Some of the most impressive feats of strength are the simplest. Sure, it’s cool to toss around tons of weight doing a rep or two of super-technical Olympic lifts—but repping out a seemingly endless number of pullups can be just as awe-inspiring.
The mighty pullup is one of the finest bodyweight exercises out there, bar none. You’ll both test your upper-body strength and build up your back muscle—and unlike other bodyweight moves, you’ll definitely need a bar to do it.
“It’s a staple in upper body workouts; we use it a ton in weight lifting,” says Sean Waxman, C.S.C.S., owner of Waxman’s Gym. “Depending on how you grip—wide most of the time—you’ll see a thickening and a widening of the back. Your grip will improve, and your whole upper body will get stronger.”
How to Do Pullups Better
Proper pullup technique is relatively simple, but that doesn’t mean that you’ll have an easy go of it every time you step up to the bar. The move can get difficult quickly for even the strongest among us as you gas your muscles.
It’s important to stay on-form as you do pullups so you’re getting the best possible workout while avoiding injury. Waxman has a few tips for those just starting out to remember. “You want to be hanging from a bar, whether it’s a chinup or a pullup. You want to start with your arms extended, and you want to pull yourself up until the bar hits your chest or at least chin level. At the top of the movement, you want to pull your shoulder blades down and together.”
You might not be able to do all that right away. For some people, eking out even 1 rep is an accomplishment worth striving for, so you can’t just jump up to the bar and pull. You might have to break the move down to its component parts. To really master the form, work your way up from dead hangs to full-on reps using this guide.
As you improve on your pullups, you may want to find ways to make them more difficult. “If you can blow out 20 pullups, you’re not really improving strength anymore,” says Waxman.
First, he recommends adding some weight. “If you want to improve hypertrophy [growth in size], you want to add enough weight to you’re doing eight to twelve reps. Then looking for improvement and more strength, you add more weight so you can do three to five reps.”
To add weight, you’ll need a weighed vest or a belt that can have weight attached to it. Them try some new variations, like those seen in the video below.
Now that you’ve got the knowledge to start doing pullups, you need the right tools. As Waxman says, “All you need is a place to hang.” So if you’re looking to do them at home, you need a pullup bar. We’ve done the research and rounded up the perfect pullup bars for guys looking to bulk up at home or in the office.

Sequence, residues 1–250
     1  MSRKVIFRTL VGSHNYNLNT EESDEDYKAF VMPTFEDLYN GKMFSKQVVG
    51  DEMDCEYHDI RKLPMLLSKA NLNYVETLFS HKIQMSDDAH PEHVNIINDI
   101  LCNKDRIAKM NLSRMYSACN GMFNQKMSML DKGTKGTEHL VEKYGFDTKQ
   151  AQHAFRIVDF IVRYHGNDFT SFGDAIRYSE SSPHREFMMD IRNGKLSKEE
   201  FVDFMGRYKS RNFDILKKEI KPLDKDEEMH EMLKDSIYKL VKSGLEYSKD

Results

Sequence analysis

CAP Barbell Pull-up Bar
Simple and effective, the CAP bar is ideal for those looking for multiple grip positions when pounding out pullups. From wide to neutral to palms-facing for chinups, this bar can do it all. The grippy foam handles deliver all the non-slip comfort you need. It mounts on a door securely—but you can take it down and put it on the floor to use the different grips for push-ups.
Ultimate Body Press XL
This doorframe mounted unit provides some extra support and additional grip options. Best of all, the adjustable expandable bar means it will fit just about any residential doorway.
Pure Fitness Pull-up Bar
With eight grip configurations and comfortable foam handles, Pure Fitness’ bar is a sleek and efficient bar. It attaches to nearly any door and holds up to 250 pounds for awesome pullups and hanging crunches, and it won’t bother your walls with a protective foam coating. Install in seconds and start your new pullup regimen.
The Best Pullup and Chinup Variations:
Titan Fitness Wall-Mounted Pull-up Bar
If you don’t love the idea of hanging from your doorway, a wall-mounted bar is a great solution. The incredibly sturdy and durable Titan Fitness bar is adjustable with five different height variations and hold up to 350 pounds for guys of different sizes and skills. The bar itself is thick, so you’ll be getting an excellent grip workout at the same time.
Akonza Dip Station
Willing to invest more in a bar that can do it all? Then get a station. If you’ve got the space, the Akonza is a dream. It has a bar at the top for pullups, but also grips for dips and abdominal raises. The pad on the back lets you comfortably do raises, and a thick foam grip on the pullup bar makes flipping your grip and doing chinups a breeze. More space, sure, but more complete results. Get a full-body workout on this one station.
Confidence Olympic Power Tower V2
This ultimate heavy-duty bodyweight station is a must-have in any home gym. It has everything you need for an upper-body workout: grips for chinups, grips for pullups, grips for dips, and even grips on the floor for raised pushups. It only holds up to 220 pounds, though, so it’s not for beginners. Work you back, biceps, triceps, and chest all in one place.
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